This blog post is partially a reaction to a webinar I attended recently on the topic of librarians as publishers. The webinar, put on by the Ontario Council of University Libraries and the Public Knowledge Project featured three university librarians sharing their experience and knowledge from being responsible or library projects in hosting journals (See description of webinar at

While the webinar got me thinking more deeply about the topic of the roles that libraries currently play and can play in the future as publishers, I must mention however, that I have been thinking about this topic prior to 2013. However this event has motivated me to express some of my preliminary thought here in writing. As such, below I will outline five (5) current and future roles for libraries as publishers based on what I have observed and know about libraries:

  1. Journal hosting - was the one role that the webinar focused on. his include hosting journals for faculty, academic societies and even for student societies. I especially liked the idea of the library hosting graduate and undergraduate student academic journals.
  2. Monograph hosting - This too was mentioned in the webinar as a logical extension of journal hosting and possible future expansion opportunity for the university library with experience in journal hosting.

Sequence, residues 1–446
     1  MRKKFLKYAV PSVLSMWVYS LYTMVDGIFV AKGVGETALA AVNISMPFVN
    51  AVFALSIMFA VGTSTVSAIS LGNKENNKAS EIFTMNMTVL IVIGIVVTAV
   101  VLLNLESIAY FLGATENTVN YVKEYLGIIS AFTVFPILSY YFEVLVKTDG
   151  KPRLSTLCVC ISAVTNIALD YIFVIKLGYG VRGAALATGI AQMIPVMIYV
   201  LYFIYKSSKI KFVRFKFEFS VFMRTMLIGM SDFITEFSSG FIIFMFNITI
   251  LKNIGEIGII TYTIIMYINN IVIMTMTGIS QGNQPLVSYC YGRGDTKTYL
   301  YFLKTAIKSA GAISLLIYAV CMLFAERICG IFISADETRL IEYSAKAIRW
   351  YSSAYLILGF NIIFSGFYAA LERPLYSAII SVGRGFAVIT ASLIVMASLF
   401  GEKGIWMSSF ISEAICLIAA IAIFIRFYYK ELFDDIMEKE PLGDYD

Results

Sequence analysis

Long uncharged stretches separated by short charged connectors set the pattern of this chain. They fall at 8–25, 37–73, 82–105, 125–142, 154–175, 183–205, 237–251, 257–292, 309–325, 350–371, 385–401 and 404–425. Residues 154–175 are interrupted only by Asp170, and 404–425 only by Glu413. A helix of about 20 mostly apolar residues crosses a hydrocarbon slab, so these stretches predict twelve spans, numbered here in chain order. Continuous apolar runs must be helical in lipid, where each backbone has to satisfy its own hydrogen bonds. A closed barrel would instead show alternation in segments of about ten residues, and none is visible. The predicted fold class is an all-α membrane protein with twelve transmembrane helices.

3. Bibliographies of a university's research - This one comes from my own observation of the research and development bibliography developed by the University of the West Indies Mona Campus Library entitled Research for Development Vols. 2: A Bibliography of Staff Publications 1998-2002. Unfortunately, I cannot find a copy on the Web to link too, but only a  catalogue entry in WorldCat. This initiative from my memory has a foreword that indicates the importance of the library as playing a role in disseminating information about university faculty's research to the wider public.
  4. Bibliographic databases: This a logical extension of publishing bibliographies of a university's research. This too has been done by the University of the West Indies Mona Campus Library through the Mona Online Research Database (MORD).
  5. Out-of-print books and previously unpublished historical works or manuscripts: For this, I foresee librarians especially managing special collections, getting forewords from knowledgeable faculty as well as contributing their own forewords about manuscripts or other out-of-print works that are within the library's special collection. these can be published as e-books or as print copies on demand, using print on demand technologies such as book espresso machines. Szkolar (2012)'s blog post explores this issue of book espresso machines and how libraries can use these to enter in publishing.
Discussion (or viewpoint):

Academic libraries in particular have the options of becoming publishers of e-books, e-journals, databases as well as print on demand resources. Public libraries too can extend themselves into these opportunities by courting established authors and even local authors to let the library host their works and offer print on demand with book machines. A further even radical proposal is that libraries can even bypass copyright collecting agencies in paying fees directly to the authors for the books/resources that were downloaded and printed (especially the printed ones).